The problem here is that, that EQ setting is only valid if I place my monitors in the exact same position i had them when i did the eqing, and obviously it's only valid for my particular FRFR setup. Some people might say this will won't work and it's nonsense. Maybe, but to me, it sounds and feels like the cab I used in that studio. I have different EQs for 2x12, 2x10, 4x12, and so on.

I think that process could be automated, but it would require an algorithm that adapts it to your particular set up. But that would be basically having to do a cab simulation block rather than just an IR block, much like the amp block. And it would still not guarantee it would sound the same.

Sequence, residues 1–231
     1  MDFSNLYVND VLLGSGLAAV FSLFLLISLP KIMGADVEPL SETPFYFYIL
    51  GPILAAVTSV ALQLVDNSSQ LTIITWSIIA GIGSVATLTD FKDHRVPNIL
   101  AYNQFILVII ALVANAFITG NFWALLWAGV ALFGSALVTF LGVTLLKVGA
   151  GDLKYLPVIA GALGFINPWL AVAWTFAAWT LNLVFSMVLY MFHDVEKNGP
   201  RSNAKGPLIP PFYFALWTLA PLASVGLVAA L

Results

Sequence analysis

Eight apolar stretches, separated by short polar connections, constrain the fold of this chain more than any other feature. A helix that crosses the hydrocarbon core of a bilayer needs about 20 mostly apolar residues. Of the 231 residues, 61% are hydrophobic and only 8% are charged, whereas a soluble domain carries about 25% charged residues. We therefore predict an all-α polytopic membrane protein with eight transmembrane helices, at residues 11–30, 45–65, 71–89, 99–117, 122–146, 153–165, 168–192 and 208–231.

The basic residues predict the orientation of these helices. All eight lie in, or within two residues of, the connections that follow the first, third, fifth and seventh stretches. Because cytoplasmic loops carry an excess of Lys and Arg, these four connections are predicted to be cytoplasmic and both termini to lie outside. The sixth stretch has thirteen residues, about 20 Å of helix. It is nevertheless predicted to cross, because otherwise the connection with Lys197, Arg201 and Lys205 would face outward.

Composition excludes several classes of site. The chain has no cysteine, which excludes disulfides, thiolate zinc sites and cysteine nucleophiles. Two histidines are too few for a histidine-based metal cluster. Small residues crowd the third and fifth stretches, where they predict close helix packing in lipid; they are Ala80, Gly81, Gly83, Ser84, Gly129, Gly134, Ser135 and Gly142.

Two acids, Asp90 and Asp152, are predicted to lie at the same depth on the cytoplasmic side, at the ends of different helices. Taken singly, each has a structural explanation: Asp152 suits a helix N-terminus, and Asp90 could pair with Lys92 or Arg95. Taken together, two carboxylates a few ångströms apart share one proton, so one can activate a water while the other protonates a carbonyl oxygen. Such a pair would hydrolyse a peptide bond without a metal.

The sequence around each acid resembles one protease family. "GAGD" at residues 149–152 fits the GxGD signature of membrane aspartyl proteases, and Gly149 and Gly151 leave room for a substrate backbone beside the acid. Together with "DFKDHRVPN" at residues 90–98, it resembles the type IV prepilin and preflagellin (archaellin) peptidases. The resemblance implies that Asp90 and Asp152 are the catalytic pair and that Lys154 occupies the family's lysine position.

FractalAudio

Administrator
Fractal Audio Systems
Moderator
I think you're missing my point. If my monitors are pumping out an exact replica of what the mic(s) heard 1" in front of the speaker, and if we assume that the speakers (monitor or guitar amp) cease to influence the sound once the sound has been produced, then the result that I hear - 10' away - should be the same as what I'd hear from the amp.

Fiddling with high and low cut to make the sound going into the monitors sound more like an amp 10' away, and then adding the actual physical distance from the monitors when I hear them seems like it would double the effect.

Try it this way. Imagine that I've put the monitors on top of the guitar cabinet the IR came from, in the room where the IR was made. If the sound coming out of both the monitors and the guitar was exactly the same measured from 1" in front of each, wouldn't they sound exactly the same 10' away? Why would I try to make the monitors sound different than the sound 1" from the guitar speakers?